In the middle of a controversy started by a lawsuit filed by now former Miami Dolphins Head Coach Brian Flores Lawsuit, his former employer, The Miami Dolphins, hired a largely unknown man named Mike McDaniel, then immediately threw out that he was “biracial” when Flores complained that black folks were not getting the chance to be NFL Head Coaches. But rather than do actual journalism work (thus leave it to us bloggers) NFL reporters would rather take the Dolphins’ cheese and just echo the idea that Mike McDaniel is biracial and then blast anyone who says he looks white. On Black History Month, it’s time to stop this nutso take and pour in the reality of black life in America.
First, Dolphins New Head Coach Mike McDaniel does look white. Second, there’s scant information about who his father is and his blackness (for those who say he’s black). Third, from movies like Spike Lee’s School Daze of 1984 to Carol Black’s Soul Man of 1986, starring C. Thomas Howell, and personalities like Rachel Dolezal, who said she was a black woman even though her parents were white, the topic of “passing as white or black” is one that’s common in the black community in America.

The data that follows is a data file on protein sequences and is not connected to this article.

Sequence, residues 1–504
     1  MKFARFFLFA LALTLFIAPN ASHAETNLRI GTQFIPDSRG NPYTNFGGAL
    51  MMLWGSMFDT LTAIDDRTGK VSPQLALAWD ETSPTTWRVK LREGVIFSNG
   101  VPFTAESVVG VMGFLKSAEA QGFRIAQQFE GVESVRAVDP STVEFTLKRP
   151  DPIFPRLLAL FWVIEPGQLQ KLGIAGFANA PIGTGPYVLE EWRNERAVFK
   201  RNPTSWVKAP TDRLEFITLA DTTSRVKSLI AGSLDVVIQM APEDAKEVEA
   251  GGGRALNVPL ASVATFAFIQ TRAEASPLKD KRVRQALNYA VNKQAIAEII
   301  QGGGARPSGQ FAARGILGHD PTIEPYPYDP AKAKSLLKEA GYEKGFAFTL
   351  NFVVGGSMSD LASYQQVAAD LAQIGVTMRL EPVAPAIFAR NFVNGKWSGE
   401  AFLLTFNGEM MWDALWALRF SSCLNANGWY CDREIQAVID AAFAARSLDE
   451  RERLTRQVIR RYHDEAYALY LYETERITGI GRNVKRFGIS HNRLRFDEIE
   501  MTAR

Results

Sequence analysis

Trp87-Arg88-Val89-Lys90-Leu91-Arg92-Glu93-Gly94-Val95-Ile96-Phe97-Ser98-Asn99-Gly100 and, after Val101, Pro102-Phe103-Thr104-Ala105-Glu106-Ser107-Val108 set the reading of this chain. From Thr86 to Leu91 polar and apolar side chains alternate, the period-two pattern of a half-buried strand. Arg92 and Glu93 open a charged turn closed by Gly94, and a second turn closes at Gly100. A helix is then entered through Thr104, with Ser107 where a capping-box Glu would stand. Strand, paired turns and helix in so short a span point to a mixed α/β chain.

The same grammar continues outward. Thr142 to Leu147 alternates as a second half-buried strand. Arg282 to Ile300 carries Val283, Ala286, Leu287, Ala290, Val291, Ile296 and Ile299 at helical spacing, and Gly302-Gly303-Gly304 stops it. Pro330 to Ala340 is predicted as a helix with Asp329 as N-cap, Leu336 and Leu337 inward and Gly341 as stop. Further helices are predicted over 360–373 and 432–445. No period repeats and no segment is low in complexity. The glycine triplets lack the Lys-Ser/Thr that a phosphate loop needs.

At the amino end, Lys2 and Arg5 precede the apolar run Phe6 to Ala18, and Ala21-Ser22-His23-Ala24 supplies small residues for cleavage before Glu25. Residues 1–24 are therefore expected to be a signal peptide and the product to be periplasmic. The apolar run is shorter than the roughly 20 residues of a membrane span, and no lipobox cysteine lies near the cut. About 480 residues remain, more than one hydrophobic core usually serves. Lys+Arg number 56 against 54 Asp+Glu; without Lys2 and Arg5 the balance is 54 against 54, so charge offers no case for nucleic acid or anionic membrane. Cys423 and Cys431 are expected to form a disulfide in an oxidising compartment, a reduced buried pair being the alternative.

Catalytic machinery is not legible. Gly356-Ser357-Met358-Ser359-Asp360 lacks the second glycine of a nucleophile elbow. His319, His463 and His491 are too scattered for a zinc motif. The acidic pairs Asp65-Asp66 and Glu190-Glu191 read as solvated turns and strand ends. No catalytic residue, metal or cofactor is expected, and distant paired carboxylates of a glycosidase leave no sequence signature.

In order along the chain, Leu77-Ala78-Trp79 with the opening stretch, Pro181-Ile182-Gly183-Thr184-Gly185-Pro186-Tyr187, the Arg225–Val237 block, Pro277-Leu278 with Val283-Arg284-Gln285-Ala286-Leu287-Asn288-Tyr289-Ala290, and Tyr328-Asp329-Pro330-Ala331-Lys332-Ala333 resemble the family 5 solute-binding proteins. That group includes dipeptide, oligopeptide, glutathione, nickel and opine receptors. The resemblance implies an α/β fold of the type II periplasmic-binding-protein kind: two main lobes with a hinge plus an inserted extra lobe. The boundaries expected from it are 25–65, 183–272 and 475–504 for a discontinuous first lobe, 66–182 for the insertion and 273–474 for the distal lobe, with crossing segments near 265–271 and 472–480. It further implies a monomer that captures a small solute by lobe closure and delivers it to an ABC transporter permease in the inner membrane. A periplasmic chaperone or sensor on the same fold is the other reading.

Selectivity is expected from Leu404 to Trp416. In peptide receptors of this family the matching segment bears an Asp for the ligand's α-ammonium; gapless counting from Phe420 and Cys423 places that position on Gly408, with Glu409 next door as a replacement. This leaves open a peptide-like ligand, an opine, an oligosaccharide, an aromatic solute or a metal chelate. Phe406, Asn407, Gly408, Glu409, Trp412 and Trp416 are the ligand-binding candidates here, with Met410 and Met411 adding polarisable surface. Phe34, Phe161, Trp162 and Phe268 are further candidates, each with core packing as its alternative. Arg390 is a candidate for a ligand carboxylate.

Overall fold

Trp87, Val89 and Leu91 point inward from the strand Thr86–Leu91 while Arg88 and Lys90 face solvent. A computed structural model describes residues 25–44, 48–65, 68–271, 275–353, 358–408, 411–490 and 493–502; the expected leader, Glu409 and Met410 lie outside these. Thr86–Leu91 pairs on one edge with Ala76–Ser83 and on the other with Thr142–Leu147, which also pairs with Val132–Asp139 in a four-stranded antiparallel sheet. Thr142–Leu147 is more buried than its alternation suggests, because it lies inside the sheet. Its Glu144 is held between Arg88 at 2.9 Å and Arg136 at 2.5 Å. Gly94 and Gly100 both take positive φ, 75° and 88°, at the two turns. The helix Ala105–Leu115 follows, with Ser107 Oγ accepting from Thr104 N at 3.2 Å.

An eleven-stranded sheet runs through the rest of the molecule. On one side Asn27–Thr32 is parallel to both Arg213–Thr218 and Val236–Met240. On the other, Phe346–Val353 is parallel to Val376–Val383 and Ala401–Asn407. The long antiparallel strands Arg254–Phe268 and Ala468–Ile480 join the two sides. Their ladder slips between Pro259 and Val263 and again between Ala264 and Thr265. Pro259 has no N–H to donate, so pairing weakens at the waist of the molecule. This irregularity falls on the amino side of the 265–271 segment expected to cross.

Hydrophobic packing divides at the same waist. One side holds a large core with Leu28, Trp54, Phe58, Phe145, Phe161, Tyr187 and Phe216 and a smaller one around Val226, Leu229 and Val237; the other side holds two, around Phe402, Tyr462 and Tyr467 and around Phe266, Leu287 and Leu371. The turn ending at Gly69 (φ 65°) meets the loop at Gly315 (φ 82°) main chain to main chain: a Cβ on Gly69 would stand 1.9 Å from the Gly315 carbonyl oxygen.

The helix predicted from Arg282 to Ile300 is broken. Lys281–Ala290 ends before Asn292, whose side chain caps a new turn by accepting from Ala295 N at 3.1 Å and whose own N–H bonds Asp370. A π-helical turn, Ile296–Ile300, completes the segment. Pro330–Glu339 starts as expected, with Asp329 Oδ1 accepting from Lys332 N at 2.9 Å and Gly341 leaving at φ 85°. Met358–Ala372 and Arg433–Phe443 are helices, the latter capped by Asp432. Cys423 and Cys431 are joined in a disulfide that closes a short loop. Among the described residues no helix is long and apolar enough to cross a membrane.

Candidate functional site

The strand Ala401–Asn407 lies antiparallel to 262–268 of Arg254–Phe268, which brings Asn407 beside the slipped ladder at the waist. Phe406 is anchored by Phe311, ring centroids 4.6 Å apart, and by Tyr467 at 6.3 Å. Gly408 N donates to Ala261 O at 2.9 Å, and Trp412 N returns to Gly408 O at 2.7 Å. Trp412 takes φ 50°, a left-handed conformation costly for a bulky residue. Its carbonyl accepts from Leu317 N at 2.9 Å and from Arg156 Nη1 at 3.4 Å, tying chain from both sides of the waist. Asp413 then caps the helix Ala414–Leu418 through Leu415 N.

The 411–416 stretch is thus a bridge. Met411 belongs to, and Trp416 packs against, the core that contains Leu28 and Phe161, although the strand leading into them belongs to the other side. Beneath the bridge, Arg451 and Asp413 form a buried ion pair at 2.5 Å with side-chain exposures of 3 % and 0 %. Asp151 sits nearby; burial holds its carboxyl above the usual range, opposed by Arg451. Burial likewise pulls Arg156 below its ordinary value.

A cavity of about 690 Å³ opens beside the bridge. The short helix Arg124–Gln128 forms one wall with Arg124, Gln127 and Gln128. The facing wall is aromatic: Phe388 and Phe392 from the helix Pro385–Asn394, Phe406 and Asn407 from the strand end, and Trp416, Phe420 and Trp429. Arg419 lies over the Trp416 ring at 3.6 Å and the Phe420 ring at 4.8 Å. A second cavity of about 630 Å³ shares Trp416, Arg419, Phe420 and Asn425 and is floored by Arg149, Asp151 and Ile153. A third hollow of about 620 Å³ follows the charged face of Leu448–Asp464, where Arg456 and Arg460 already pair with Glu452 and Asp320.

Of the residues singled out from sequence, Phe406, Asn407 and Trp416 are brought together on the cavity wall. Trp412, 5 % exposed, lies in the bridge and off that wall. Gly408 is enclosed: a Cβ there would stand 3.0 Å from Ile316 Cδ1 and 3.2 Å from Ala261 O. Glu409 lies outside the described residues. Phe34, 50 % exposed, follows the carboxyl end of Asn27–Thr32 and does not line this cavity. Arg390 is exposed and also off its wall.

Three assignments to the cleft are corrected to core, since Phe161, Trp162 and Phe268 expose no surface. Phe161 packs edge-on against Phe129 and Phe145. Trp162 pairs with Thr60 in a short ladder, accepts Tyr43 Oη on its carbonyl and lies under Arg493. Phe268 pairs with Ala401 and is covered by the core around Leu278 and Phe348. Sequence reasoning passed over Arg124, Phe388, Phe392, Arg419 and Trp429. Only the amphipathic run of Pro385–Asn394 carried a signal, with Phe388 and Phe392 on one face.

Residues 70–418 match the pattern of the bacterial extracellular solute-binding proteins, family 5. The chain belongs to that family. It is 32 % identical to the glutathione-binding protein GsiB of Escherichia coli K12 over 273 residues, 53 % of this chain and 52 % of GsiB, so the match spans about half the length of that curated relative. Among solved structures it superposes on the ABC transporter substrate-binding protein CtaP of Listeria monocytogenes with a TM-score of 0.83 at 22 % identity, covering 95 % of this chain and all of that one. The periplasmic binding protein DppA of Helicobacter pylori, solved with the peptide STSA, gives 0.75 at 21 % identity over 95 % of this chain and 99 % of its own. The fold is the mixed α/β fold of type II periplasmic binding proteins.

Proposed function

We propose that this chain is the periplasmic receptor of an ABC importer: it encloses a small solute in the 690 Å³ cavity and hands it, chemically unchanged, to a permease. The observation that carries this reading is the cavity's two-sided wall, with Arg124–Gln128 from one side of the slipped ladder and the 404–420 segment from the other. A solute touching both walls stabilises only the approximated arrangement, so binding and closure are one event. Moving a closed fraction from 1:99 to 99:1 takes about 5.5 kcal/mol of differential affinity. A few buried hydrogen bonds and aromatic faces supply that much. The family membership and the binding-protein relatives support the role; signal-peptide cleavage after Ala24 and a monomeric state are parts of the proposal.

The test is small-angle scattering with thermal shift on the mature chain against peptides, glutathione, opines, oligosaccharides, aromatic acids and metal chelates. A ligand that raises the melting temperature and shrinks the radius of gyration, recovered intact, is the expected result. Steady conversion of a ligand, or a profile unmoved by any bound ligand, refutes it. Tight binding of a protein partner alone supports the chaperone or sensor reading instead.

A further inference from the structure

Its’ relevance in this matter of Mike McDaniel and blackness can’t be underscored simply because of the weird timing of the Dolphins hire: it comes just days after the filing of Coach Flores’ lawsuit, in the middle of yet another NFL Off Season where black head coach hirings are few in a league with 70 percent of its players black, and in case you did not notice, all of this is happening smack in the middle of Black History Month 2022.
For this blogger, the real question is why would the Miami Dolphins hire a man who’s not obviously black, has a light resume with one year as the San Francisco 49ers Offensive Coordinator, and then push the “biracial” tag as if it’s some kind of result of a search engine keyword study done in the middle of a lawsuit battle?